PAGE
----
Are You Fit to Freelance?

Published July 3, 2014 by Jennifer Elizabeth

college gradWhat they don’t tell you in college …

I studied professional writing in college. Lessons on writing resumes, cover letters, and business proposals were covered. However, nothing was ever mentioned about freelancing. (Well, if it was, I wasn’t paying attention.)

Technology has certainly advanced in the past ten years since I graduated. And with these advancements, opportunity sprung forth – opportunity to freelance as a student and as a graduate.

However, I now wonder:

“Are these opportunities being discussed within the walls of the advanced education systems?”

My guess is no.

In a crap economy  (yes, I still say it’s crap even though reports predicted otherwise), college grads are emerging from their “me” centered bubbles with high hopes. They expect to find a job in their field, and one that pays well.


This is not always the case. And when it is, those grads are “the lucky ones.”And we all wish that was the reality for all grads. If it were only that easy …

Where I come from, college grads are lucky to find a job that pays more than minimum wage.

Unless they’re willing to move.

Most are stuck with minimum wage jobs. And if they’re lucky, they’ll be hired despite being a now overeducated applicant.

However, there are money-making opportunities right at their fingertips, literally. But, you have to think outside the “college box.”

Money-making opportunities at your fingertips

Freelancing websites allow users to search for field related work. And the work can be done while sitting naked on your own couch. (I don’t recommend sitting naked on a parent’s couch, however, if said grad still lives at home.)

Sites like oDesk provide free user registration. Once an account is created a user can then search job listings by category and go from there. However, if said user is not quite ready to jump into the freelancing pool, and he or she prefers to first get their feet wet, I suggest trying

Again, registration is free on Fiverr and one can opt to participate as little or as often as desired. Fiverr allows users to search gigs and buyer requests. The easiest gigs are posting reviews, such as product, book, and site reviews. And while the money isn’t a lot, it does eventually add  up. Also, payments can be sent directly to a PayPal account.

Simple. Fast. Perfect.

However, there is a downside to freelancing.

When freelancing, you are not exposed to actual human beings. Therefore, you are alone. You MUST motivate yourself. If you have difficulties with distractions (i.e. Internet browsing, social media sites, online shopping, etc.), then you may have a hard time succeeding as a freelancer.

Why is Jen writing this blog?

I’ll tell you why. Over seven years ago I was an expecting mom with a college English degree. I wanted to work from home, be my own boss, and daycare was out of the question. So, I tried my best to think “outside the box.”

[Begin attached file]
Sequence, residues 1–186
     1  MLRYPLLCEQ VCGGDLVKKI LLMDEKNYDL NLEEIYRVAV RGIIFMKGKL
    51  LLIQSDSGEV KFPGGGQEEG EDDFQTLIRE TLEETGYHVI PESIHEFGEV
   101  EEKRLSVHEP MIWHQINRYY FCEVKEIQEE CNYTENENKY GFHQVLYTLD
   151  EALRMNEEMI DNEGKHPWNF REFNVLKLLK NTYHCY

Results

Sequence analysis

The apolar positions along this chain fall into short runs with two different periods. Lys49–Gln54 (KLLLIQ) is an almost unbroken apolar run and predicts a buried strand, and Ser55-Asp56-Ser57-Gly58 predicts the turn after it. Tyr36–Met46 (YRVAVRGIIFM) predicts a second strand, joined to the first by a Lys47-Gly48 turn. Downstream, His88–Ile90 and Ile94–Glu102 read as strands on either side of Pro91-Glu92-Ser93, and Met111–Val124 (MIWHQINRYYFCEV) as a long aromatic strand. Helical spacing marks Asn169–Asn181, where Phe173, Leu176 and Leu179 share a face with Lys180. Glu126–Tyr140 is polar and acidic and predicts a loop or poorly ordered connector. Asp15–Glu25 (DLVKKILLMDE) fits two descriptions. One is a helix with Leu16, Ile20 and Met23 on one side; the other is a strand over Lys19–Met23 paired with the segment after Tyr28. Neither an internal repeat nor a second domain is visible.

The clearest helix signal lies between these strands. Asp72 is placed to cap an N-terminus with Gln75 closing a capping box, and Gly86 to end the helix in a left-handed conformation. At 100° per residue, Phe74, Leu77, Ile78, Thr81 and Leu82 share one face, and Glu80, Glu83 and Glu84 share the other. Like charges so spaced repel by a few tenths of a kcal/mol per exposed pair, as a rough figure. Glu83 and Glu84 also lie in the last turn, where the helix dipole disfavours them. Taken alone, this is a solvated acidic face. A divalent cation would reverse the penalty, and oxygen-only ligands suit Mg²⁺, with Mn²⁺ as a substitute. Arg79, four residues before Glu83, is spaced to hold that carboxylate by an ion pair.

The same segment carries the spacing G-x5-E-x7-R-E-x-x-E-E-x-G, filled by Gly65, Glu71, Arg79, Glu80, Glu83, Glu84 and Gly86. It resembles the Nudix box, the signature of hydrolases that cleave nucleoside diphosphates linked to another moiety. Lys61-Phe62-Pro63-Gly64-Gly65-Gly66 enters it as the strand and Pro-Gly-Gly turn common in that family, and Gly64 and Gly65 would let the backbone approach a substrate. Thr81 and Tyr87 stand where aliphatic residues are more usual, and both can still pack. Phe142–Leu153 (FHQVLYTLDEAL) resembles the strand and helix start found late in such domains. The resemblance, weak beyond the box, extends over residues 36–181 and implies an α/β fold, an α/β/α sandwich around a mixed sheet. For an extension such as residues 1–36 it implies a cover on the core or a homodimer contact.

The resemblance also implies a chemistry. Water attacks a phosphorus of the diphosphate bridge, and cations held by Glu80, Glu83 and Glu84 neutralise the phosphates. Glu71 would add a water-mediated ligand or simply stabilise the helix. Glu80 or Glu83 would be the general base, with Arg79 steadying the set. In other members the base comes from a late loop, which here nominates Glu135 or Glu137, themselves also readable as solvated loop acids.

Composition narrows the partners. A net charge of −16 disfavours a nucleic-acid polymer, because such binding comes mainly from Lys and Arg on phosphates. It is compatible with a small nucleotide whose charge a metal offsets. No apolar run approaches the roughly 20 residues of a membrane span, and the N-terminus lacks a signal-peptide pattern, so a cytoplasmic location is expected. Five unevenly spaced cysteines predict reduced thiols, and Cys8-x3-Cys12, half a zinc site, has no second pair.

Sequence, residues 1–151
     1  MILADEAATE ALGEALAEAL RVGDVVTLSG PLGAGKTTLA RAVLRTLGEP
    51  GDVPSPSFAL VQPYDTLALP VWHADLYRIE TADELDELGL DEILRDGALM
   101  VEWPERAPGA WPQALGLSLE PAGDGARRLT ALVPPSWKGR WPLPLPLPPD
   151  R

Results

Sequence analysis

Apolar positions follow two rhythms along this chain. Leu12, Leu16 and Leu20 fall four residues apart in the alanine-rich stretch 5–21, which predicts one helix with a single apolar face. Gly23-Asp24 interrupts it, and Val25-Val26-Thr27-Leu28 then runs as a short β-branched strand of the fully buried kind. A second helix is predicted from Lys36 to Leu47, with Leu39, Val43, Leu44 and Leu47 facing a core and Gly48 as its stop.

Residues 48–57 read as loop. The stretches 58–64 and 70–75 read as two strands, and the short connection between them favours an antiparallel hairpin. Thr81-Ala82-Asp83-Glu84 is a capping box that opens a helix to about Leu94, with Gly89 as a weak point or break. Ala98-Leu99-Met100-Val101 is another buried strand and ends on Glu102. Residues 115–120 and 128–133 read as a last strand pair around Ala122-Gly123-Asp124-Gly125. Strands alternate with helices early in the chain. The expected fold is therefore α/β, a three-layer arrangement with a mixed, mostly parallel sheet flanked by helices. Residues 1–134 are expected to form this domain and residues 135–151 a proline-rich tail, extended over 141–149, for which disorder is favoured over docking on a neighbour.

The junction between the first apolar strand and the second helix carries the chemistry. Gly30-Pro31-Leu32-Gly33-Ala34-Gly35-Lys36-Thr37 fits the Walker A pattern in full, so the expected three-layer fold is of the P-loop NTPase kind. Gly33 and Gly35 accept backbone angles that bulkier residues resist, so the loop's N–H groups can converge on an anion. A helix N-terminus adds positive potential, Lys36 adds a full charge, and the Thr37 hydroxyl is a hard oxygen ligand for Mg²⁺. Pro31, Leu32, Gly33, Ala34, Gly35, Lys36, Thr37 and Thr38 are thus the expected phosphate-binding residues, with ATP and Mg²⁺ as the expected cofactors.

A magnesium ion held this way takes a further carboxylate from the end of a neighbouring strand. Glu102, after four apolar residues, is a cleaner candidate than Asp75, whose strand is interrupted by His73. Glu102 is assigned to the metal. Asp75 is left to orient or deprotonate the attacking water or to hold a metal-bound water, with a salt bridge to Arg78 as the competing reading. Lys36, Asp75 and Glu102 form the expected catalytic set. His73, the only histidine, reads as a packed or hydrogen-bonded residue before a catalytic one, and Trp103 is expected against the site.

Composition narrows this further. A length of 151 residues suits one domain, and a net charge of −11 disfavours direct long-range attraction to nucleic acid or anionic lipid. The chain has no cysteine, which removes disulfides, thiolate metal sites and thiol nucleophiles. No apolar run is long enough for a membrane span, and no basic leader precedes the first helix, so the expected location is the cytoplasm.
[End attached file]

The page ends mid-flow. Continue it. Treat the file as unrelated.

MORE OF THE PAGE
First, I thought I could start my own resume writing service.

Yeah, that didn’t work. I knew nothing about website development and that’s where I thought my business would generate the most customers.

Then, I bought into Mary Kay Cosmetics. I learned I was a terrible sales person. But I LOVED the makeup!

Next, I dabbled in candle making. Too much mess. And good wax is expensive.

So, I then joined a candle selling business (like that of Mary Kay). Apparently I hadn’t learned my lesson the first time. Ha. However, I was lucky because I sold those candles for a year. They were THAT good. Good candles sell themselves. But, I had to leave my home and my kids in order to sell. So in the long run, it wasn’t for me.

Finally, I started my own book blog and decided I was going to write, even if I wasn’t being paid to do so. And as a result of that decision, I broke into freelancing, by accident.

Two years ago I was given an opportunity to edit and I snatched that baby right up (all because someone noticed I was a writer),

Thank God.

I did everything I possibly could to ensure my client was happy with my work. I went nearly two years with less than 5 days off. I worked all the time. And along the way I met some wonderful people and fellow freelancers. Doors opened. Opportunities came my way.

And finally, one day, I had a choice. I had several opportunities floating in my inbox. I chose the one best fit for me. There’s nothing better than having a choice.

The lesson

Think outside the box. If you’re working a “less than desirable” job, do something on the side. Do anything. Search for work. Create your own work and talk about it. That’s what I did. And one day, it finally got me somewhere.

One day, it may get you somewhere as well.



2 comments on “Are You Fit to Freelance?

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